Style: Are we in a new golden age of tennis fashion?

This article first appeared in The Edge Financial Daily, on September 12, 2017.
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THE US Open has rolled into New York to bring the tennis season to its climax. Consequently, we in the style department find ourselves wondering, not for the first time, about the dress sense of men renowned for their court sense.

Away from the stadium, the rankings are clear: No one dresses up better than Roger Federer, who wore a glittering cobra design on the back of his Gucci tuxedo jacket this year at the Costume Institute Gala. And no one dresses down better than Gael Monfils, whose casual rock-star attitude towards personal style makes him this sport’s analogue of Russell Westbrook.

But when these guys are dressed for athletic success, the situation gets murkier, and many questions arise.

Do the resurgence of Fila and the hipsterfication of Adidas promise a return to the superb fashions of Bjorn Borg’s head-banded heyday? And speaking of sweat absorption: Are those supersized wristbands that Rafael Nadal has taken to wearing? Or are they what they appear to be — the cut-off sleeves of a toddler’s sweatshirt?

For tentative answers to these and other questions, please find below a list of notable names in men’s tennis style. — Bloomberg


Isner at the Australian Open in an activity-appropriate top.

Don’t call it a comeback

Fila — a company founded in Italy in 1911, loved by Cool James in the 1980s, purchased by its Korean licensee in 2007, and very on point right now — has endorsement deals with a number of exciting players who look sharp in a number of exciting patterns. We like how the checks of John Isner’s polo echo the criss-cross of the net.


A footloose Nadal at the Australian Open.

The shoe that aces

Having survived an era in which extra-long shorts — veritable capri pants — once characterised his look, Nadal has cleaned up head-to-toe. Especially the toe. His Nike Lunar Ballistecs, with an off-centre swoosh inspired by the design of the brand’s football cleat, is all aces.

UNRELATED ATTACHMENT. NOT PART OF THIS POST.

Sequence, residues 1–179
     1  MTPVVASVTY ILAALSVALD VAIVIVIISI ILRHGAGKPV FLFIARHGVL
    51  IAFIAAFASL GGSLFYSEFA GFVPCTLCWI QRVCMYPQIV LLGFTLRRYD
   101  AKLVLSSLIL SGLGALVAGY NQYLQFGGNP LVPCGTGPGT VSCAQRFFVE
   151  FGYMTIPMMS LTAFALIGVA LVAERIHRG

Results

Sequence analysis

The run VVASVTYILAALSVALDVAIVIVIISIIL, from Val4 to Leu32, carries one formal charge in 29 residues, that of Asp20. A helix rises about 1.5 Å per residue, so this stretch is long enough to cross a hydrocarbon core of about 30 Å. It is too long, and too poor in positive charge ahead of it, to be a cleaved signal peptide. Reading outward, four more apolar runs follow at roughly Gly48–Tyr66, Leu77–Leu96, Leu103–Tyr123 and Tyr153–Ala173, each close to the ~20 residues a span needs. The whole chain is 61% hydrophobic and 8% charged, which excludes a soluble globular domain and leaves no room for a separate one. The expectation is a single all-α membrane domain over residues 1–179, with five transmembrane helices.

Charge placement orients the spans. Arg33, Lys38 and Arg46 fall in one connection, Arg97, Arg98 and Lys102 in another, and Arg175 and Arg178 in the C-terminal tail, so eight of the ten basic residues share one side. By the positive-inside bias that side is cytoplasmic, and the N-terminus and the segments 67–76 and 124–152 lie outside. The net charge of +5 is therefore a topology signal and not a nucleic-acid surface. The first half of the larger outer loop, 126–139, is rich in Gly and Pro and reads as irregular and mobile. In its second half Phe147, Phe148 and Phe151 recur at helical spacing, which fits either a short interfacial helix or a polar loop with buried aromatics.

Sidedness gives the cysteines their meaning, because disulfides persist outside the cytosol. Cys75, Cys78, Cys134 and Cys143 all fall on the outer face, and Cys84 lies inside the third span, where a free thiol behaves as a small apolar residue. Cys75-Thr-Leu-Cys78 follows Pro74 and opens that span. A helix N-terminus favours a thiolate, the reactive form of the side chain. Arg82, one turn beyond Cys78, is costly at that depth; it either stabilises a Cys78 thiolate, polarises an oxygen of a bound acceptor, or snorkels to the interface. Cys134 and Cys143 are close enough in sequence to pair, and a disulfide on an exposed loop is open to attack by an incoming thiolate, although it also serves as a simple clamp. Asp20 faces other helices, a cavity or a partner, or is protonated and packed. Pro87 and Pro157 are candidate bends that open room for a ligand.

The forehand looks good. We would say the same for the forearms if we could see them.

The case of the expanding wristbands

As we were saying: Nadal is generally looking well head-to-toe. It’s his arms that might be a problem. How much can one man perspire to need these double-wide wristbands? Would the WTA please consider fining him for committing this small crime against his forearms?



Zverev at the US Open doing his best Bjorn Borg.

The inevitable throwback

In the fashion world, everyone’s feeling a 1970s vibe. In the tennis world, no one translates into action more dashingly than Alexander Zverev, seen wearing an Adidas Originals ensemble designed by Pharrell Williams. Check out that shirt, with its fine vertical stripes and thoughtful detailing around the collar. Get a load of that harmonious headband. And the chain around his neck? Even if it’s too outre for your personal taste, you can appreciate Zverev’s way of pulling the rakish outfit together.


Dusan Lajovic of Serbia wearing his country proud.

The national pride

At the Davis Cup, as at the Olympics, a nation’s uniform offers a window onto its soul. This time around, nobody beats Serbia at achieving a balance of sober dignity, sporty style and chic patriotism. The double-headed eagle on the country’s coat of arms is rather swank.



Djokovic, a loser at the French Open, is still a winner in Lacoste.

Crocodile rock

Novak Djokovic has been very well served by his endorsement deal with Lacoste. (See also the perfect fit of his go-to Wimbledon whites, with the crocodile enlivening a tidy ensemble.) One can only hope that the graphic snazziness of this polo helped to ease the sting of losing in the quarter-finals at Roland Garros.


Querrey trying out the local headgear at the Mexican Open.

Sombrero gigante!

We are not sure whether Sam Querrey, hoisting his trophy after beating Nadal in the finals of the Mexican Open, is participating in an esteemed tradition or if he is the victim of a practical joke. We will take the liberty of assuming that everyone involved is being respectful of the host country’s culture. But obviously, that brim is way too wide for Querrey’s shoulders.